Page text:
Knight Capital Group Inc. capped its biggest rally in nine years after getting takeover offers from Getco LLC and Virtu Financial LLC, setting up a bidding war that may end its 17-year history as an independent company.
Getco’s cash and stock offer values Knight at $3.50 a share, an 18 percent premium from the Nov. 27 close, and retains its public listing, according to a filing yesterday from the Chicago-based high-frequency trader. Virtu submitted a bid to buy Knight for about $3 a share, a person with direct knowledge of the matter said. Another person familiar said the company’s offer was made yesterday. Knight was bailed out by six financial companies in August after losing more than $450 million in a trading malfunction.
The offers represent divergent structures for the surviving company and will force Knight’s board to choose between immediate cash and a value ascribed in part by the stock market’s view of Getco. Shares of the Jersey City, New Jersey-based market maker rose 15 percent to $3.42 yesterday, bringing its three-day rally to 37 percent, the most since July 2003.
“If you’re involved in a share deal, then you’re betting that their market is going to continue to grow and there is an upside after the deal, whereas in a cash-only deal the upside is you’re taking cash, and cash now,” said Sang Lee, managing partner at Boston-based Aite Group LLC, in a phone interview. “It really depends on how the shareholders look at the market that all these firms are in.”
Virtu, Getco and Knight are automated market makers. While Getco and Virtu operate across asset classes mainly on exchanges and similar platforms around the world, Knight focuses on U.S. equities. It’s also a wholesale market maker that services hundreds of retail brokers including Fidelity Investments and TD Ameritrade Holding Corp. by executing buy and sell orders for individuals. Neither Getco nor New York-based Virtu is in that business.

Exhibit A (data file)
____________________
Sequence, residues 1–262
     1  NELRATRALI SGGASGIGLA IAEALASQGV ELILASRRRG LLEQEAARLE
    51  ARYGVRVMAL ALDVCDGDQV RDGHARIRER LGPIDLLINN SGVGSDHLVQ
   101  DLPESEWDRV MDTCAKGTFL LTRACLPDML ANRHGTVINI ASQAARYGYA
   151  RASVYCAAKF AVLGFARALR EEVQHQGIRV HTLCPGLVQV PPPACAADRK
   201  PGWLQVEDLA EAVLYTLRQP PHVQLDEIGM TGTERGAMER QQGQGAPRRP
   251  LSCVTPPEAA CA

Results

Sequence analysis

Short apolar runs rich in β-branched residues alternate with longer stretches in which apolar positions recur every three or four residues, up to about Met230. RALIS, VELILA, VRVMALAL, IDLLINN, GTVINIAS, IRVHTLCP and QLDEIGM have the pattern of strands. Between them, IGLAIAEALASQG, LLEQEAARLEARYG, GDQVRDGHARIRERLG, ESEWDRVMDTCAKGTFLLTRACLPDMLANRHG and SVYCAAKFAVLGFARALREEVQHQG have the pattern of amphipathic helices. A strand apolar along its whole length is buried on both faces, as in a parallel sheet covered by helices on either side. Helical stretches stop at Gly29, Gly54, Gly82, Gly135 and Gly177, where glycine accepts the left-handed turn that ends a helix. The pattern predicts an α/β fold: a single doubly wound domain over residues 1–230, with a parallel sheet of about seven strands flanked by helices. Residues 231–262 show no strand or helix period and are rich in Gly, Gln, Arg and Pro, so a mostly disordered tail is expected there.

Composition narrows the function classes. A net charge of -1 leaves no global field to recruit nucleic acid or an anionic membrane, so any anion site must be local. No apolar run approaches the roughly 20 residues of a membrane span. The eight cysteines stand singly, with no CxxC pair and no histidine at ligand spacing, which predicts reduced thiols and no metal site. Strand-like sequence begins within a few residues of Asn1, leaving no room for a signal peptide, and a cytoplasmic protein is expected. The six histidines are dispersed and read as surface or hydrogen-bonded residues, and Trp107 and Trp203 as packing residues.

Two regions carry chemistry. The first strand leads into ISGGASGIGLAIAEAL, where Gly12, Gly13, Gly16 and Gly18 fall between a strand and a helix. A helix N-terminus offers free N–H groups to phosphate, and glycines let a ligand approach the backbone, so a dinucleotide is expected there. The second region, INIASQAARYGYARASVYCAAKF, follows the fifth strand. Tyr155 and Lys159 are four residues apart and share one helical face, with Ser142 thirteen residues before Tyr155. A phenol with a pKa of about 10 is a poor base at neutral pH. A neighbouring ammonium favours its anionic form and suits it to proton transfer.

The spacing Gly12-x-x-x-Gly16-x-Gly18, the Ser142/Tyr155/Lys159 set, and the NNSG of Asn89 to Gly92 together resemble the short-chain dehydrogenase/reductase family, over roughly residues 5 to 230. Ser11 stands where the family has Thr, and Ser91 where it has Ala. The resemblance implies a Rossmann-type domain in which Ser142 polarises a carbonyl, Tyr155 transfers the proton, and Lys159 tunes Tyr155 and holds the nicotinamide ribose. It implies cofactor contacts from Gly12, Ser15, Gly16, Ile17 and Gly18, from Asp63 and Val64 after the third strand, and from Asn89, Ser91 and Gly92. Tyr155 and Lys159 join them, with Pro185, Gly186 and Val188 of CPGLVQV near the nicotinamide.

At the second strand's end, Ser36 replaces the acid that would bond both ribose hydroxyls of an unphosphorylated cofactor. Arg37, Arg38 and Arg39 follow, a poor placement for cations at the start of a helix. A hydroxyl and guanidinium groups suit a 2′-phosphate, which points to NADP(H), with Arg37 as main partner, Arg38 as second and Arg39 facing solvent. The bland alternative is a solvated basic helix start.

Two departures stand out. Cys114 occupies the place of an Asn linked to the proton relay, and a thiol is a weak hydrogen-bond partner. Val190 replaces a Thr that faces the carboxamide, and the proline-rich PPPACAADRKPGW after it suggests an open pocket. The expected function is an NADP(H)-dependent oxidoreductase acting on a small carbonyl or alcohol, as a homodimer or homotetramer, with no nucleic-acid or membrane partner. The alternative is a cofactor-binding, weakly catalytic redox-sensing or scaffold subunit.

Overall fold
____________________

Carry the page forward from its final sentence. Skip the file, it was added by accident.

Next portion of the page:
Knight’s volume yesterday was 47.3 million shares, more than 18 times its three-month daily average of 2.58 million shares through Nov. 23, according to data compiled by Bloomberg.
Knight declined to comment on Getco’s proposal, citing a policy to not discuss shareholder activities, according to a statement from the company. Doug Cifu, president and chief operating officer of New York-based Virtu, declined to comment.
Under Getco’s proposal, its chief executive officer, Daniel Coleman, would head the new company and Knight CEO Thomas Joyce would be non-executive chairman. The offer is a 41 percent premium to the stock’s closing price on Nov. 23, the filing said.